How can the industry authentically foster and support more design talent that comes from within black communities?

“I would like for there to be a time where we aren’t seeking validation from the industry, where we strategically foster and support our own communities so that our future isn’t in the hands of someone else. Instead of wanting to be included, I think most people are kind of trying to do their own thing.

“I’m going to say something that most might not agree with. Are you ready? Black communities need to support the talent that comes from within black communities. In an industry that’s so hard to break into, we have decided to voice our opinions by starting our own brands. But I’d like to see more celebrities on the red carpet supporting us. Why are Jay-Z and other artists shouting out Tom Ford on the red carpet and their stylists aren’t looking at our brands?”

Kendall Reynolds, Founder, Kendall Miles

nia groce, black shoe designers, black history month
Wearing the Kendall Miles Pout boots in bone calf.
CREDIT: George Chinsee

What does inclusivity mean to you?

“Inclusivity means giving greater priority to those groups that have been historically marginalized. Those include women, the handicapped, the disabled, elderly, and racial and ethnic minorities. Corporate action should lend greater sensitivity and acknowledgement in regard to strategy, policy and tactical execution to reflect an inclusive environment.”

nia groce, black shoe designers, black history month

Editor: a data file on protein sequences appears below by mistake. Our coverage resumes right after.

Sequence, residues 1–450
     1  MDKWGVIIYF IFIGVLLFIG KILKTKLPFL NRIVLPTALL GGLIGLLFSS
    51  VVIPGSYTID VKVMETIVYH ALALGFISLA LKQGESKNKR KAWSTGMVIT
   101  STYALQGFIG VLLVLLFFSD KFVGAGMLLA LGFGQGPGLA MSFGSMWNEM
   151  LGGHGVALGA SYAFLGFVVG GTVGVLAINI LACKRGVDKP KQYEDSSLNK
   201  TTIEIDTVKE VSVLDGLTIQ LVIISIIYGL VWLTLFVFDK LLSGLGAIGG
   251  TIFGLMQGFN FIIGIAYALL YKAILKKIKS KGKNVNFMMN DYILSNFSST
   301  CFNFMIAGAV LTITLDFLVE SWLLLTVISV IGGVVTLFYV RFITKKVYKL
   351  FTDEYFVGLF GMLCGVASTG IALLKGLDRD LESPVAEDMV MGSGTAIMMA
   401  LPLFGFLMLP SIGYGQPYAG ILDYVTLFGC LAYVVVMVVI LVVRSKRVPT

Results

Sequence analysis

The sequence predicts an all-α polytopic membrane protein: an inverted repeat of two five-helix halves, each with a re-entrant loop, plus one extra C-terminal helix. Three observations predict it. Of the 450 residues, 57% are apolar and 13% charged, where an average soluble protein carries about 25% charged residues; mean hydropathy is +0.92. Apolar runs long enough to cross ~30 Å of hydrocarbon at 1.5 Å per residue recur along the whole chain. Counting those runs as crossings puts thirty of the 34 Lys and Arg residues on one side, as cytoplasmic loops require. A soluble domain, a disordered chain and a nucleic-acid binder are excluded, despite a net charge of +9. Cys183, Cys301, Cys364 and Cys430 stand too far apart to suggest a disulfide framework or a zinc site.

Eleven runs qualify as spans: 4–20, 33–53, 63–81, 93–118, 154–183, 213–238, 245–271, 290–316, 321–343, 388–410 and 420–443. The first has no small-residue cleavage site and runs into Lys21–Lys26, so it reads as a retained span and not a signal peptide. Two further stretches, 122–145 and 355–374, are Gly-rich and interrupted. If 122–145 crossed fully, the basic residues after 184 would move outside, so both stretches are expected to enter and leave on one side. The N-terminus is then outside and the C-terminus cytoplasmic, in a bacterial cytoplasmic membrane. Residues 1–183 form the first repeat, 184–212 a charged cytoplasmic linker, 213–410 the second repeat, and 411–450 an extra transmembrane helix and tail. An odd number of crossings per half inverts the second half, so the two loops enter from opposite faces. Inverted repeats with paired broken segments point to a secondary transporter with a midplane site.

Wearing the Kendall Miles snake lace-up pump.
CREDIT: George Chinsee

How can the industry authentically foster and support more design talent that comes from within black communities?

“What generally precludes design talent from within black communities being revealed and subsequently embraced by the industry is the lack of financial resources to develop product, market and socially promote their designs. Competitions offering exposure and financial rewards to talented design teams have been effective. Access to industry conferences and events where design talent can network with seasoned professionals and influencers is beneficial. Incubators such as those used in the technology industry might also be effective if the focus can be placed on design talent specifically from underserved communities.”

Are there any current leading examples in which black voices are included in the design conversation?

“Christian Siriano is a company that I feel actively tries to include every single voice that wants to be heard in fashion, and they do so with elegance and glamour. I will never forget the time when no luxury fashion house was willing to style Leslie Jones for her ‘Ghostbusters’ premiere, and Christian Siriano broke through the clutter and came to her rescue. I pride him for supporting all women no matter their race, size or age.”